It’s not just movies that use music to push us beyond our comfort zones, either. We do it to ourselves. When my wife and I work out, we make sure to load up a playlist full of hard-hitting music. It helps us concentrate to push ourselves further than we could listening to the motor of the treadmill and our own quick, shallow breaths. Even if there are only moderate physiological effects from the music, there is still a psychological effect: inspiration.

But you wouldn’t see it because of the shaky-cam.

Think about when you need to listen to specific kinds of music. For me, the list would go something like:

  1. Angry – Metal, Rap, Techno
  2. Happy – Rock, Pop Punk, Showtunes
  3. Sad – Emo (duh), Folk, Alternative
  4. Sexy – Barry White.

Granted, that’s a small example of both emotions and styles, but you get the idea. I may need to listen to something from the Happy section because I’m feeling Sad. Or, in order to achieve a catharsis, I’ll “go around the horn” by hulking out to Tool or Rage Against the Machine. Either way, I’m still using music to manipulate my mental and emotional states.

Music can make us fly or bring us to our knees. It can speak to a part of us we thought was long dead, take us back to an afternoon in high school when we were driving with a car full of friends and the windows down, or simply be something to cut the deafening silence. Some of my experiences with live music vie for the top spots in my life.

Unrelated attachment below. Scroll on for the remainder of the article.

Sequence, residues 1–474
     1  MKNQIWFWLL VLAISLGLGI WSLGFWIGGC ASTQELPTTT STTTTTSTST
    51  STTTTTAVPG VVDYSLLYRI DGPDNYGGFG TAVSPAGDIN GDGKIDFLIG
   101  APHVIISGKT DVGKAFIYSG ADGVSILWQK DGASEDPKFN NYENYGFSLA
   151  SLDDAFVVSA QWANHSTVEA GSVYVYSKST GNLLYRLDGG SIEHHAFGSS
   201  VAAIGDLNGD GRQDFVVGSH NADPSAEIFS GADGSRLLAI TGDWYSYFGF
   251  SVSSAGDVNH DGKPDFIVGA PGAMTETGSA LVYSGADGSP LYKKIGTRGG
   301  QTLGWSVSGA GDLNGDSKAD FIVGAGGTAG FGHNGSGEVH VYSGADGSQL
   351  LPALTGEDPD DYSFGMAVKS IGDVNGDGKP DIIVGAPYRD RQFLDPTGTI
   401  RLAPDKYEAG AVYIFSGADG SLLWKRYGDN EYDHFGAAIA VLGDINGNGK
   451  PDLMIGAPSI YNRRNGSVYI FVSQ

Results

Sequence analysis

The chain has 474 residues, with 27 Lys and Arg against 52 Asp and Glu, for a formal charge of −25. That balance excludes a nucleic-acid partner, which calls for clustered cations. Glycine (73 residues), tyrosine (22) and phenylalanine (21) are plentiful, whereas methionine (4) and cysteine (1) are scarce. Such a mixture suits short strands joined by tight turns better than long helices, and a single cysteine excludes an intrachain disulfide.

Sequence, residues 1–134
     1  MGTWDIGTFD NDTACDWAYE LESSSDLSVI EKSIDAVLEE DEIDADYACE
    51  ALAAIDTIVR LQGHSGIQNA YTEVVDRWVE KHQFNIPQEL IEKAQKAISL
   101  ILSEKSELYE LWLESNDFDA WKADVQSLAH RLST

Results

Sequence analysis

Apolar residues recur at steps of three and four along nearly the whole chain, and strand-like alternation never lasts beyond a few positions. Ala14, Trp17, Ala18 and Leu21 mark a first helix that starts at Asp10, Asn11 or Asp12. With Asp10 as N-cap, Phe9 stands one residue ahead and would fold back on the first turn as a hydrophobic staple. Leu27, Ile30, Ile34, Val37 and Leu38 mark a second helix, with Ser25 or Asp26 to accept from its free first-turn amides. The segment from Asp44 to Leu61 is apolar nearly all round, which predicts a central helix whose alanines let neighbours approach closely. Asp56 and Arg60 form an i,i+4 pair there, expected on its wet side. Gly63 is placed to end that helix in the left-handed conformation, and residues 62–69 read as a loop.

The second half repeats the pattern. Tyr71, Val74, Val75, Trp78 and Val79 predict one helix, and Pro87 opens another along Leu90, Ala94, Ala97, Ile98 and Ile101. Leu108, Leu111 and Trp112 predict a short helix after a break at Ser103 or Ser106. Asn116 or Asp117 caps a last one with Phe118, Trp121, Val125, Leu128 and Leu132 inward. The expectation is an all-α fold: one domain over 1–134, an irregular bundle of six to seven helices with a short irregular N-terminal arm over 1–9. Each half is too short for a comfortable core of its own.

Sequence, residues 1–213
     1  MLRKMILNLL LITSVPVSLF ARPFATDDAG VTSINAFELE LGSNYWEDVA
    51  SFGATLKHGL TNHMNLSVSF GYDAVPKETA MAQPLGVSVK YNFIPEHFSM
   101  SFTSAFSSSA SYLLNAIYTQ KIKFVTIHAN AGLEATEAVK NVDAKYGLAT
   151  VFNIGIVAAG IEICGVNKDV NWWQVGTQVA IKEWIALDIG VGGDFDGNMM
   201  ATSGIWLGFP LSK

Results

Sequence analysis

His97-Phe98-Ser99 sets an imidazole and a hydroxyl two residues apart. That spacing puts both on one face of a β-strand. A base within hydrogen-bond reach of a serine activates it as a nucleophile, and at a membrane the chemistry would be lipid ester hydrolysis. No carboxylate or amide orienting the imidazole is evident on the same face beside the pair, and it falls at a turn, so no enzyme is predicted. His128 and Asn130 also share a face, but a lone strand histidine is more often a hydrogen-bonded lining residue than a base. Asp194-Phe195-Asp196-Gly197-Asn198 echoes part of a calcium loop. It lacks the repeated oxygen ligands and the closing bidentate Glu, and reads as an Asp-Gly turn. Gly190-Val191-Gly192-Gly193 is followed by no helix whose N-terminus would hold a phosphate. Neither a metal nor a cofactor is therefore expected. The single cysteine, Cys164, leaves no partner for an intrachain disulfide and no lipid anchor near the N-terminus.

Like I said when we started this, I have failed at articulating exactly what I felt when I got the inspiration for this post, but that’s because it was inspired by watching a group of students singing an a capella version of Imogen Heap’s Hide and Seek. It reminded me of performing music in high school and college, how much I miss it, and what kind of power music holds over us all.

It’s enchanting.

It’s disarming.

It’s subliminal.

It’s universal.

One of my favorite things is when I hear a song that was overplayed in its day, but that I haven’t heard in years. Because now it’s like this old friend that I’ve photoshopped (autotuned?) all the imperfections out of, and I’m just happy to be bombarded by all the memories that are attached to that annoyingly catchy “toothpaste commercial” of a song.

Maybe that’s what this post is really about. Remembering how great music is and how much we take it for granted. Maybe it’s nothing you don’t already know, but it’s something we let slip under the radar and we need to be reminded from time to time.

Be affected.

Be emotional.

Be uncivilized.